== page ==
aka Night of the Blood Monster; Throne of the Blood Monster
(El Juez Sangriento/Il Trono di Fuoco)
Director – Jess Franco, Screenplay – Anthony Scott Veitch, Story – Peter Welbeck [Harry Alan Towers], Producer – Harry Alan Towers, Music – Bruno Nicolai, Art Direction – George O. Brown. Production Company – Towers of London.
Christopher Lee (Judge Jeffreys), Maria Rohm (Mary Gray), Hans Hess (Harry Sexton), Leo Genn (Lord Wessex), Peter Martell (Barnaby), Maria Schnell (Mother Rosa), Margaret Lee (Alicia Gray), Milo Queseda (Satchel), Howard Vernon (Jack Ketch)
England in the year 1685 under the rule of King James II. Judge Jeffreys is the Lord Chancellor and is notorious for the cruelty conducted by his torturers and the ruthlessness of his judgements in court. Jeffreys sentences Alicia Gray to death on charges of witchcraft. It comes to Jeffreys’ attention that Alicia’s sister Mary, whom he also suspects of witchcraft, is consorting with Lord Wessex’s son Harry Sexton. Jeffreys ruthlessly pursues Mary. However, in bringing Mary under his control, Jeffreys becomes prey to feelings of lust for her. At the same time, Harry falls into the company of rebels and determines to raise a revolution against the Crown.
The Bloody Judge was one of the films in the lengthy and amazingly prolific career of Spanish exploitation director Jesus or Jess Franco. Jess Franco directed 1999 films and touched upon numerous genres in a career that has stretched from the 1950s to the 2010s – he was still making films at the age of eighty just before his death in 2013. More often than not, Jess Franco’s work ventures into horror and the erotic and comes with a strong Sadean influence – his films regularly feature scenes of women being tortured. (A full list of Jess Franco’s genre films is at the bottom of the page).
The Bloody Judge was made not long after the success enjoyed by Michael Reeves’ Matthew Hopkins – Witchfinder General (1968), which offered a brutal and cruel portrait of the 17th Century English witch hunts (and was based on a real-life historical figure). A number of continental films jumped aboard the success of Witchfinder General, depicting usually fictional scenarios and featuring a catalogue of scenes with witches being tortured.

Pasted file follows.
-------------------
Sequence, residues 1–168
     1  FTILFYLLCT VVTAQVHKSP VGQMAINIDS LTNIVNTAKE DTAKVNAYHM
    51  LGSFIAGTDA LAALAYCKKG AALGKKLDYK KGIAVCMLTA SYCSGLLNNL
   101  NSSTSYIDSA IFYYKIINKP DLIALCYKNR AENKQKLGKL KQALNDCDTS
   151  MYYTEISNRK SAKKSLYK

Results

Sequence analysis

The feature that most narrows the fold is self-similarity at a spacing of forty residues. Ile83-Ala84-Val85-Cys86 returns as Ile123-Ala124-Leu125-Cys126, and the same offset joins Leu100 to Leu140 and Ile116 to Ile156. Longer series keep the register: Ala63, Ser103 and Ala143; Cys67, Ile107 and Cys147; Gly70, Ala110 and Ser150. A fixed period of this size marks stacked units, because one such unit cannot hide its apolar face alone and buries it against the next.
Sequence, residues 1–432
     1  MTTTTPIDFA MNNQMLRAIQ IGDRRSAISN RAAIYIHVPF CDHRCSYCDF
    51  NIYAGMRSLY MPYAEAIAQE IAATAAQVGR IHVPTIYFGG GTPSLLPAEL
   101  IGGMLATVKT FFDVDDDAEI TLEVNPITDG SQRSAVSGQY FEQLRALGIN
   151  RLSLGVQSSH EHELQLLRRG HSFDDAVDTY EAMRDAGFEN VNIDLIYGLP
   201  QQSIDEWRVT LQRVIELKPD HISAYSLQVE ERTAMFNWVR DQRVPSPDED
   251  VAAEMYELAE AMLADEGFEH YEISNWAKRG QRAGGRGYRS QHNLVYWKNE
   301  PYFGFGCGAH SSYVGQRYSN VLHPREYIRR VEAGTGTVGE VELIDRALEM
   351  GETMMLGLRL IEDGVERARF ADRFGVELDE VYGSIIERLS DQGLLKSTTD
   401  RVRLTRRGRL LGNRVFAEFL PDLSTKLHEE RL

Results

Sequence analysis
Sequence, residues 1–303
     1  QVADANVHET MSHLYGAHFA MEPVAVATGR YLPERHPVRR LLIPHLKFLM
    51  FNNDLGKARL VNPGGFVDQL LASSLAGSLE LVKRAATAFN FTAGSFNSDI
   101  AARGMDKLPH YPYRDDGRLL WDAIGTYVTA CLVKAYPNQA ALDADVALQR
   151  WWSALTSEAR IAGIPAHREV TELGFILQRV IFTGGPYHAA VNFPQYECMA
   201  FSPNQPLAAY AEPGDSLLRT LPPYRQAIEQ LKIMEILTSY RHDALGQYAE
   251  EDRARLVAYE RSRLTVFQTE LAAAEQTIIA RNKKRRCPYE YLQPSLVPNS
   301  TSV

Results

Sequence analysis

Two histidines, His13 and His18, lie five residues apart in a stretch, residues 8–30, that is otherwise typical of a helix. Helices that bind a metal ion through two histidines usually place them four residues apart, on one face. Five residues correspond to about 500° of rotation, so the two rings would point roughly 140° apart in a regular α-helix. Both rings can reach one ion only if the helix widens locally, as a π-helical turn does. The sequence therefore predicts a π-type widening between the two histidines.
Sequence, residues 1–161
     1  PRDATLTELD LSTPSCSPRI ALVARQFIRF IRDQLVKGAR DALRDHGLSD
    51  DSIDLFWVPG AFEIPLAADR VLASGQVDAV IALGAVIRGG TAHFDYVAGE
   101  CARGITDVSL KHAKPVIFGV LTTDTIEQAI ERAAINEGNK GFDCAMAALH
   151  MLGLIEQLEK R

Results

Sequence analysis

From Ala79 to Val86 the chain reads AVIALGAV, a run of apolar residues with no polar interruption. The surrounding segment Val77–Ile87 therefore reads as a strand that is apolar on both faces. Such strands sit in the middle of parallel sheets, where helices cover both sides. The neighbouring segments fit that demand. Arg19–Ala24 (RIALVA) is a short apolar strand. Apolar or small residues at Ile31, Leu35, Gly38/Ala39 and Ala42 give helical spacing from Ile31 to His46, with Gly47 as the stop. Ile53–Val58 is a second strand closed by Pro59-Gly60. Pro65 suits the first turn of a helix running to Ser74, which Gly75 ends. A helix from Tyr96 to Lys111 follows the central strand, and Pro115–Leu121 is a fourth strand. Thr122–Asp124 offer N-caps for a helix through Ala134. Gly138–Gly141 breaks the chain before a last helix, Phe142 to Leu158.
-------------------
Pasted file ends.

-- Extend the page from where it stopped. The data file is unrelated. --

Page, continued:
Unlike most of these other Witchfinder General copies, The Bloody Judge is set around a real historical character – George Jeffreys (1645-1689), the Baron of Wem. Jeffreys became the Lord Chancellor under the Catholic King James II, where he was nicknamed ‘The Hanging Judge’ and gained a reputation for the cruelty of his sentences. Jeffreys was foul tempered and often known to be drunk in court. He required that all prisoners brought before him plead guilty and would usually sentence them to be hanged immediately depending on his mood. He was a party to the infamous Bloody Assizes following The Monmouth Rebellion of 1685 that unsuccessfully attempted to unseat King James, in which he sentenced some 600 conspirators to hang. Unlike what is depicted in the film here, Jeffreys died a prisoner in the Tower of London in 1689 where he had been held under arrest following the deposing of King James.
Invariably in Jess Franco’s hands, the historical story of Judge Jeffreys is dragged down towards Franco’s usual sado-pornographic proclivities. We get scenes in which half-naked women are stretched on a rack until they bleed, of them being branded or where a saw blade is placed against the neck of a woman with a low-cut neckline. There is a parade of dungeons – at one point, we see a montage of scenes of women with their hands nailed in a spiked trap, being lashed, placed in stocks and their hands being hacked off; or a scene where one woman has been lashed, bloodied and hung from her wrists as another is made to lick her body while the guards look on.
Outside of Jess Franco’s characteristically lurid proclivities, The Bloody Judge proceeds like a standard historical costume drama. Franco’s direction, when he is not coming up with scenes of torture and nudity, is largely pedestrian and the film is surprisingly dull overall. To his credit, Franco appears to have a reasonable budget to hand. There is fine colour photography and some good sets – Franco even manages to stage several battle scenes between armies.